I always emphasize to students to "admire your shot."
That is, they have to be able to hold their final position at the foul line for at least three seconds after they deliver their ball on the lane - or, until the ball hits the pins.
From this position, they will follow through completely, be able to look down at their sliding foot and see that they walked straight, and watch their ball roll over its mark.
This is one of the main keys to improving their bowling game and adding pins to their averages.
This position has been referred to as, "posting the shot," "posting your position," and "trophy bowling."
Whatever it may be called, they all point to being able to finish your bowling approach in a solid and balanced posture at the foul line.
Regardless of whether your shot is a pretty one. or a pretty ugly one, by "admiring your shot," you will be able to definitively tell your teammates what kind of a ball you threw.
You will then be able to identify mistakes you might be making in your approach..
These points add up to improving a bowler's balance, getting more leverage, targeting accuracy, and maintaining consistency.
This article's "Choc-List," then coordinates to the "color" B-L-A-C:
1) Balance. If you can't keep your ending position for as long as it takes to admire your shot, you can't be releasing the ball as close to the same away every time. When you fall of your shot at the point of release, you can't be releasing the ball to your target because your armswing may be inside or outside most of the time instead of in a free pendulum.
2) Leverage. Very simply, leverage occurs at the exact point of release and this is where you put power into the ball. Being ahead, or behind, your release point will affect how strongly your ball will be at the pins. If you are ahead, your ball will seem to hook quicker while being behind makes the ball appear to be sliding. Without proper leverage, your ball reaction on the lane will be lacking "something," and your ball will appear weak hitting the pins.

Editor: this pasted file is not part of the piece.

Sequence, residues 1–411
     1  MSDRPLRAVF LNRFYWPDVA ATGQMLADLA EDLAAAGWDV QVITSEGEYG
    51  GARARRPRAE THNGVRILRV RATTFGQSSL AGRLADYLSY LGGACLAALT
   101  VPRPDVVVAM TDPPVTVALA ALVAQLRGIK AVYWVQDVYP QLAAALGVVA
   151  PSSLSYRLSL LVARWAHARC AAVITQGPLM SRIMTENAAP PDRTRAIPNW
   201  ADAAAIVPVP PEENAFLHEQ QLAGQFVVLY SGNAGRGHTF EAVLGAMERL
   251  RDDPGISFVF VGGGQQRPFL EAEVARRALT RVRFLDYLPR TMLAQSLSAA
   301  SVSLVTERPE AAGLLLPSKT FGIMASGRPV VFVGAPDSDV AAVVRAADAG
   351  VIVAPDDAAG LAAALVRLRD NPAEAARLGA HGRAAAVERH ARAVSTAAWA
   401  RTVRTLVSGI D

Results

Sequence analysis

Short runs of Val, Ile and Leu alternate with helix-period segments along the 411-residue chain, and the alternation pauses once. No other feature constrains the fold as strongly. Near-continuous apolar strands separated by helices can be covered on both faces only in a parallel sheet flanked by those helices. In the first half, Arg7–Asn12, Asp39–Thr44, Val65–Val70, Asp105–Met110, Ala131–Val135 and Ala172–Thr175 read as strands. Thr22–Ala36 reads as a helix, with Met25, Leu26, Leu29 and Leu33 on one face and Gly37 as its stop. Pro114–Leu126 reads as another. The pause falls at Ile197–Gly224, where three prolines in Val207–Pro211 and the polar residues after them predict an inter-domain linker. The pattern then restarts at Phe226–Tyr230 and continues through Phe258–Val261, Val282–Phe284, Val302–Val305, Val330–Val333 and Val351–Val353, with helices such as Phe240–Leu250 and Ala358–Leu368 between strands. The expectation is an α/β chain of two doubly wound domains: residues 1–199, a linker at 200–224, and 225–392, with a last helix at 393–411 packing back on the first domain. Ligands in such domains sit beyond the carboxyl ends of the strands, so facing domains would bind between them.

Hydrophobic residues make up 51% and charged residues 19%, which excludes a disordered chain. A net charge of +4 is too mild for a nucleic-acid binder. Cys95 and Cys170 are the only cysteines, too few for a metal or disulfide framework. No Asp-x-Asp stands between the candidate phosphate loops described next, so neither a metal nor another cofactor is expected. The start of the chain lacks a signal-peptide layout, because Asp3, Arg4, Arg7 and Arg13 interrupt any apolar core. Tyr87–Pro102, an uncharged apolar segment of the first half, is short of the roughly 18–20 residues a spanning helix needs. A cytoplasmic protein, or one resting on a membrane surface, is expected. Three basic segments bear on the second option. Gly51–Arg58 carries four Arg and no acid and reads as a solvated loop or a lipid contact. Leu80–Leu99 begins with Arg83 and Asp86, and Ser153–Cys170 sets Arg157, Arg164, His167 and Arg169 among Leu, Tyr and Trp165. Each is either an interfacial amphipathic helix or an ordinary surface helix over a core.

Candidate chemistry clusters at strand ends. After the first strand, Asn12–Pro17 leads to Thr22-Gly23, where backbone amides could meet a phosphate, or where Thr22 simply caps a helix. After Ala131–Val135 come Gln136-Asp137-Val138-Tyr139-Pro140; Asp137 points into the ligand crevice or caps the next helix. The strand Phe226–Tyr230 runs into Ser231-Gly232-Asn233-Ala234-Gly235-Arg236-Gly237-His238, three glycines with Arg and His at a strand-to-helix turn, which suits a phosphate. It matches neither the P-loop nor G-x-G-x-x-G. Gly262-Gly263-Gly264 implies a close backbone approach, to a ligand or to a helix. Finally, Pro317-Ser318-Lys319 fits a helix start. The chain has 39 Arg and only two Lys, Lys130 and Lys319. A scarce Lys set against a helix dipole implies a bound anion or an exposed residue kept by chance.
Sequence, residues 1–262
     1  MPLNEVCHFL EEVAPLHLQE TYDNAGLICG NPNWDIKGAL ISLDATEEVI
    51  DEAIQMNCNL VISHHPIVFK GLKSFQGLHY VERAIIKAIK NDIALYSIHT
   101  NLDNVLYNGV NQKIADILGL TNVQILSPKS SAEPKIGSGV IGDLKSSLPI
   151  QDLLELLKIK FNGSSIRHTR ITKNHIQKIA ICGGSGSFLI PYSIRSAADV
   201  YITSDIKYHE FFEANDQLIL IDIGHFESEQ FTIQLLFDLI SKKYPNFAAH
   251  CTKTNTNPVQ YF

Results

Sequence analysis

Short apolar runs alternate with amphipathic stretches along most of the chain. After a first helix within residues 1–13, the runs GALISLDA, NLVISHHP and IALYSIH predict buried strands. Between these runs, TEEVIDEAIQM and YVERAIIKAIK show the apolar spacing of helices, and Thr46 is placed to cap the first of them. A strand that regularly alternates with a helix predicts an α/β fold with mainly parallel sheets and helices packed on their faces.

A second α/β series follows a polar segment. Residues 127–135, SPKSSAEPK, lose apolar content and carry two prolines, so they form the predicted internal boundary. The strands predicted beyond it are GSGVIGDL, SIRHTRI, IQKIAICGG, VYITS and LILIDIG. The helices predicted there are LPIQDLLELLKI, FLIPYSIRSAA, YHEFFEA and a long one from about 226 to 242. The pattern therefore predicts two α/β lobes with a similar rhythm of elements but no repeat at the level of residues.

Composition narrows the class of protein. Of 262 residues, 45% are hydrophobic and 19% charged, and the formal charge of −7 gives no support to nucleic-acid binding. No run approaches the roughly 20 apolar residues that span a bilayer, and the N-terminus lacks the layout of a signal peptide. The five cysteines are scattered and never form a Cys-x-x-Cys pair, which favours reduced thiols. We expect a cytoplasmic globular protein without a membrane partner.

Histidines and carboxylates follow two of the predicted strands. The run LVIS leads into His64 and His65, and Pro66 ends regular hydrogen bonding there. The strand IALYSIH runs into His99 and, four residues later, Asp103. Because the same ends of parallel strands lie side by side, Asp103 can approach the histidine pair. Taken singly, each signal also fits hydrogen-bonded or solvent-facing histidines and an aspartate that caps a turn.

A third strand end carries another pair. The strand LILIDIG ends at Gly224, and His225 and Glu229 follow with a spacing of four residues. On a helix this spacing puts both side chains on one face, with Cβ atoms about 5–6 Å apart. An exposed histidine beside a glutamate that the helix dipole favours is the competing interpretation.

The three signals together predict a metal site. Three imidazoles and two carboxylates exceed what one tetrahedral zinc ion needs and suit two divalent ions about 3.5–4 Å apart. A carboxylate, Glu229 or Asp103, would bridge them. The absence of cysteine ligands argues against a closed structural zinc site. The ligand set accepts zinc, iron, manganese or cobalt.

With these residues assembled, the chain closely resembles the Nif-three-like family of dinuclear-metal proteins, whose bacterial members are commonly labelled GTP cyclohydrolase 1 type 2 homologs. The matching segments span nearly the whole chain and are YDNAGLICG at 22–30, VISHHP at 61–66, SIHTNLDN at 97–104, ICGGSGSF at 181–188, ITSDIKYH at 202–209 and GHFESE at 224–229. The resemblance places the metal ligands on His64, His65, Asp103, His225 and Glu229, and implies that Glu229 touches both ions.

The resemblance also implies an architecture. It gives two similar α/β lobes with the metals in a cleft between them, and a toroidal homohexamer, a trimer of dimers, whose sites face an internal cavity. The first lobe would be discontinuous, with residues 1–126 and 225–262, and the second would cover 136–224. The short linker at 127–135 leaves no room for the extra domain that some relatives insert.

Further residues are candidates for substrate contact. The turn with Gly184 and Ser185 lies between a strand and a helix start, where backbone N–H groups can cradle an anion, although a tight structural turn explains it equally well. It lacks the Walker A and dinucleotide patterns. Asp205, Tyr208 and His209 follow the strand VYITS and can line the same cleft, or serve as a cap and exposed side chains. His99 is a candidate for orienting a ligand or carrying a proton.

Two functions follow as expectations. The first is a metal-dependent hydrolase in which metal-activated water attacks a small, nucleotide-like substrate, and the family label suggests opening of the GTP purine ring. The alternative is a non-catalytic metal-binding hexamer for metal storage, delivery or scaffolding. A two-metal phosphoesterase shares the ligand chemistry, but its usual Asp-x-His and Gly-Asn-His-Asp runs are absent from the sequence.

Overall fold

3) Accuracy. Where are your eyes looking if they're not admiring your shot? A large percentage of bowlers don't know. There have been countless number of times when I challenge my students to tell me what mark they see their ball roll over and the only time they can honestly tell me is when they have truly admired their shot. At the times where they did not, they "thought" it rolled over their mark, yet they missed what pins they were aiming for.
4) Consistency. Once you get into the habit of admiring your shot, you start to become aware of your body's position. Not only at the foul line, but as you go through your entire approach. Because your senses are attuned to holding your position at the foul line, you "just know" where every aspect of your approach should be. By this awareness, your consistency begins to get sharper and sharper and your average improves.
For this suggestion, having BLAC AYS is a good thing. Try them. Practice them.
You will find your average improving as you see your BLAC get better and better.
The "AYS" have it.